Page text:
Draft preparation can be a stressful exercise, and judging by the frequency with which it is asked, this question exemplifies a key stress:
Staff strategiesTo provide some diversity in auction strategies, I asked ESPN's fantasy staff to share some of their most treasured secrets. Here is a sampling:
I like to bid in $2-3 increments when I know I'm up against someone as serious as I am about that player (i.e. I don't expect them to let me have him easily). I think of it as proactive bid-stealing. If my opponent owns the bid at $17, why go $18 to have my opponent go $19 and put it back to me at $20? By skipping the bid directly to $19, you reverse the tables. It certainly helps to counter the slow escalation that is the "Oh, what's one dollar more?" attitude, while taking advantage of the psychological barriers that exist at the $10, $20 and $30 marks.
Be as unpredictable as possible. I will nominate players I want, ones I don't want, throw a defense out early, jump a bid by $15, not bid until a player gets to $30 then increase the bid by $10, buy my busts if the price is right, etc. My goal is to keep everyone else off balance. Call it "schizophrenic drafting," if you will.
I tend to be fairly conservative when the high-dollar players are flowing early, but sometimes it actually pays to be the first person in on a position before the market gets set. For instance, once everyone knows that a premium wide receiver is being drafted for around $30, that's the number they tend to bid toward. If you throw out a top wide receiver you want early, occasionally you can catch your fellow drafters being gun-shy, and save a few bucks.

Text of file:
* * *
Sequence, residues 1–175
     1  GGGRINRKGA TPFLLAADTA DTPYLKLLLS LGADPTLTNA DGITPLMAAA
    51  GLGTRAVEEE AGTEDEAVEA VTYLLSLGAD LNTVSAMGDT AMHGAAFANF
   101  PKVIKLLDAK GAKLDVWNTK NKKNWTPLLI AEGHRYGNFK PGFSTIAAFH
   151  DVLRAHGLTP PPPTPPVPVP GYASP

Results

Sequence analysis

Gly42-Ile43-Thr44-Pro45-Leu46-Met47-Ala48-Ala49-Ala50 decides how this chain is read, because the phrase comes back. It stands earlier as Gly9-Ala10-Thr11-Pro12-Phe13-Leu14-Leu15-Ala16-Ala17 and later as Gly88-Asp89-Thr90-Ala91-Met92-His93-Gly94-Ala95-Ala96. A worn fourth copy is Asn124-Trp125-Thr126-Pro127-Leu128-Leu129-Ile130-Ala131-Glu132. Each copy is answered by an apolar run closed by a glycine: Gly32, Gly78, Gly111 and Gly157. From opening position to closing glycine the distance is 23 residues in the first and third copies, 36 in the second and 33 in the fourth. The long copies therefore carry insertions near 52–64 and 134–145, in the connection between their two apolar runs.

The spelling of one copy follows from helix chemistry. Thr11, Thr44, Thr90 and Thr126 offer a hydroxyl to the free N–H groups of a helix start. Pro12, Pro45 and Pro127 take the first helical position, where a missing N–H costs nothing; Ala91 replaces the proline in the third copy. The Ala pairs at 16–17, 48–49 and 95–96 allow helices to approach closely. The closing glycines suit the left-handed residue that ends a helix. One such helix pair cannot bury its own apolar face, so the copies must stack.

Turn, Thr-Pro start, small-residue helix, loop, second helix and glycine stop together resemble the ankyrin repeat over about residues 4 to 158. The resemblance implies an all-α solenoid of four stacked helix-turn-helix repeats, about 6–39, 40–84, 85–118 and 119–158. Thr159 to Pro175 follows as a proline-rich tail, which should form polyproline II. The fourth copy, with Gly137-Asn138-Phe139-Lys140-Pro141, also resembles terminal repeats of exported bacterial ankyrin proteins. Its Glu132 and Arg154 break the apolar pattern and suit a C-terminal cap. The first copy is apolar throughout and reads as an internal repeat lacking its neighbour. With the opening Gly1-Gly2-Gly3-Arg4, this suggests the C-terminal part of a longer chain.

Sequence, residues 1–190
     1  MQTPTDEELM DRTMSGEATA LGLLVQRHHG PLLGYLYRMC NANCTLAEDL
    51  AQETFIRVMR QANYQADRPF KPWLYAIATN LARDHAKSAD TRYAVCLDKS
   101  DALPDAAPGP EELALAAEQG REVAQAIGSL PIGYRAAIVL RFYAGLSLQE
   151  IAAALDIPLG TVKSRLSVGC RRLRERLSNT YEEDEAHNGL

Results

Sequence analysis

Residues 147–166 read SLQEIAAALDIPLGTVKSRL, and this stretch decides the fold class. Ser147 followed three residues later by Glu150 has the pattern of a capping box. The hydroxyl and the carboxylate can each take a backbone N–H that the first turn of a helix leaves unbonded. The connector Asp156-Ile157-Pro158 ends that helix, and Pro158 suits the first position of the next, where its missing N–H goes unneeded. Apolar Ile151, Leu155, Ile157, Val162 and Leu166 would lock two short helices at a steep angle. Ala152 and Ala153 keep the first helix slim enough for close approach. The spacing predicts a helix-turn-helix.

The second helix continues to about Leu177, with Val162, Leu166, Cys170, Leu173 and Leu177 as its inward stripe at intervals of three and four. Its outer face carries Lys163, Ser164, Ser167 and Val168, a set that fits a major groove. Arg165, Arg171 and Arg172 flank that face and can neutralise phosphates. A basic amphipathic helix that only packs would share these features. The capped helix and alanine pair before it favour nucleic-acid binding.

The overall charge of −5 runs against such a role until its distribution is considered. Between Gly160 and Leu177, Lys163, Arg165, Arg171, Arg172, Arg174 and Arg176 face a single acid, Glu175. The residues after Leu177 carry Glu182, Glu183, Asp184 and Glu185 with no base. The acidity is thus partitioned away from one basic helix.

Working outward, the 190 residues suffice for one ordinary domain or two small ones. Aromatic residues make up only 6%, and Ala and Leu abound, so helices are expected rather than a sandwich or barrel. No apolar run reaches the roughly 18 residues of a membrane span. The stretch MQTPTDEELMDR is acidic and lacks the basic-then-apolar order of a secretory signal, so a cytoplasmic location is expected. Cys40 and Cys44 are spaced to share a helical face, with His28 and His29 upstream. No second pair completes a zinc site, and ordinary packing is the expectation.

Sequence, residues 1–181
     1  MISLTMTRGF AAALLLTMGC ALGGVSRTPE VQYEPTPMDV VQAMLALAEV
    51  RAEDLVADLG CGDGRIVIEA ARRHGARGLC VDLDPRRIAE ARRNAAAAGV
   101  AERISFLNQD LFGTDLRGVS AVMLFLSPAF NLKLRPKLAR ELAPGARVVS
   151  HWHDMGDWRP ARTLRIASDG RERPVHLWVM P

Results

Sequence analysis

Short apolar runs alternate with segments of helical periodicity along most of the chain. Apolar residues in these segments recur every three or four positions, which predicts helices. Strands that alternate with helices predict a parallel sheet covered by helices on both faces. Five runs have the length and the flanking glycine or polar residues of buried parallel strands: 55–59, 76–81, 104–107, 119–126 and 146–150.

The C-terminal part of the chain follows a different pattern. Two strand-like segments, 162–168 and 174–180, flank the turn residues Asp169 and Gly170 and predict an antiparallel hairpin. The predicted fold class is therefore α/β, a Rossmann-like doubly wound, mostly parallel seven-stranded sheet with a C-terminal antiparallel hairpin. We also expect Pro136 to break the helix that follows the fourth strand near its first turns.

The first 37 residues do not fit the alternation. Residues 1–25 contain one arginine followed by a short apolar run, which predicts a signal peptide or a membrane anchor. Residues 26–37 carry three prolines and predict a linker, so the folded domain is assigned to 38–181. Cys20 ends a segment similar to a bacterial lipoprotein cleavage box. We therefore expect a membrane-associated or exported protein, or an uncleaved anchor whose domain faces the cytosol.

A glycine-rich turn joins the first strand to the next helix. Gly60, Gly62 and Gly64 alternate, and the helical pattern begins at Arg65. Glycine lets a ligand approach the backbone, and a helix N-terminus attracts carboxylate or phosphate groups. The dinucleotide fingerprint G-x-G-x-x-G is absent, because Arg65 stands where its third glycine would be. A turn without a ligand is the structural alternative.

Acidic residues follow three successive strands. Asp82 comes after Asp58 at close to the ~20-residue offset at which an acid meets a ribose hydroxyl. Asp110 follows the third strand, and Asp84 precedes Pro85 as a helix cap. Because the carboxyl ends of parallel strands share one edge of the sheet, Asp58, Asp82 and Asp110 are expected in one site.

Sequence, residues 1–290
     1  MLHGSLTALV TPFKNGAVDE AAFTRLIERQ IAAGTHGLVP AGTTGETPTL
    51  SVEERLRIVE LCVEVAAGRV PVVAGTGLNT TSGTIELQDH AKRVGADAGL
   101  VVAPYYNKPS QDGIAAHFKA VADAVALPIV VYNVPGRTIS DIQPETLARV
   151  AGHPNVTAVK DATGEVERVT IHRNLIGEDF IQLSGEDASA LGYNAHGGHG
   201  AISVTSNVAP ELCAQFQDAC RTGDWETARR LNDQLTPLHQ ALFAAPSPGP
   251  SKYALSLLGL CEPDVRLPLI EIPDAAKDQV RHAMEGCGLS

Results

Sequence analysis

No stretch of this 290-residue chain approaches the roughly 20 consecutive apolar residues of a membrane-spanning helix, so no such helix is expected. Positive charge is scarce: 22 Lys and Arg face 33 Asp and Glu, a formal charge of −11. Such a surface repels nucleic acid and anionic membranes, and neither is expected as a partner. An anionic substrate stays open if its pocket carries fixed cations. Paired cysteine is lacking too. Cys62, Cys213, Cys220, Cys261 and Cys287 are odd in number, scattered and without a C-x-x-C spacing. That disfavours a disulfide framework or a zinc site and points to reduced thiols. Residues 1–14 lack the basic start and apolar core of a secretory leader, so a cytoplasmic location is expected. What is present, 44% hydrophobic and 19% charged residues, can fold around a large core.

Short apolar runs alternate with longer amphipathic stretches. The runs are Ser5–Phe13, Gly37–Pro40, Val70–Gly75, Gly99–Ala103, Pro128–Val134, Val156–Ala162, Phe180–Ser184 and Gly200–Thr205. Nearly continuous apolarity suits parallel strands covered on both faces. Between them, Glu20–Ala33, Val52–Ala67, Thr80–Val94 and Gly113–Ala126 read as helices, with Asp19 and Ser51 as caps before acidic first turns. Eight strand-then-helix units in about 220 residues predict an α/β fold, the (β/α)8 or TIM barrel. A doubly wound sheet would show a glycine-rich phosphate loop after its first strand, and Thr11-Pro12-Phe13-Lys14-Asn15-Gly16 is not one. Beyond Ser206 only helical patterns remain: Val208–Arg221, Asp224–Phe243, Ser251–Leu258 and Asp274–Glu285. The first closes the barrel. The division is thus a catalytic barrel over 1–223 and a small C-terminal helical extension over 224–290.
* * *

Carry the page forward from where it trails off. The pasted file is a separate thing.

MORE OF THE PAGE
As boring as it sounds, I spend early and often. I want at least one superstar running back and wide receiver on my roster, so I usually find half of my budget gone after the first go-round of bids. There's nothing worse than leaving a whole bunch of money on the table. I also like to wait on quarterbacks due to the depth at the position. Landing a $5 Matt Ryan
on my roster over a $50 Aaron Rodgers is key if I want my dollars going to running back and wide receiver.
I like to spend money early and often in football auctions (rarely in baseball, though), and I don't mind going a few bucks over budget to get what I want, even at the expense of bench depth. Yes, it often results in "stars and scrubs" teams, but I hate failing to go the extra dollar for a top-tier running back like LeSean McCoy
and then being forced to spend nearly as much for, say, Ahmad Bradshaw
. I suppose it sets the market, but really, I worry about the budget only after I acquire three or four stalwarts.
While seemingly simple, my approach to auctions is to be aggressive in going after the team I want. Balancing being budget-conscious and paying for the talent you prefer is vital, but being too patient and frugal could leave you with too much money and lesser talents left to purchase.
Don't fall prey to the foolish plan of a "balanced" roster without any star players. Even as volatile as fantasy scoring is from year to year, star players win fantasy games, period. You wouldn't give up your first-round pick in a draft in exchange for, say, two additional fourth-round picks, would ya? So why would you try to be "sensible" and avoid spending big on a top running back, quarterback or receiver? That strategy could work in baseball, but not football.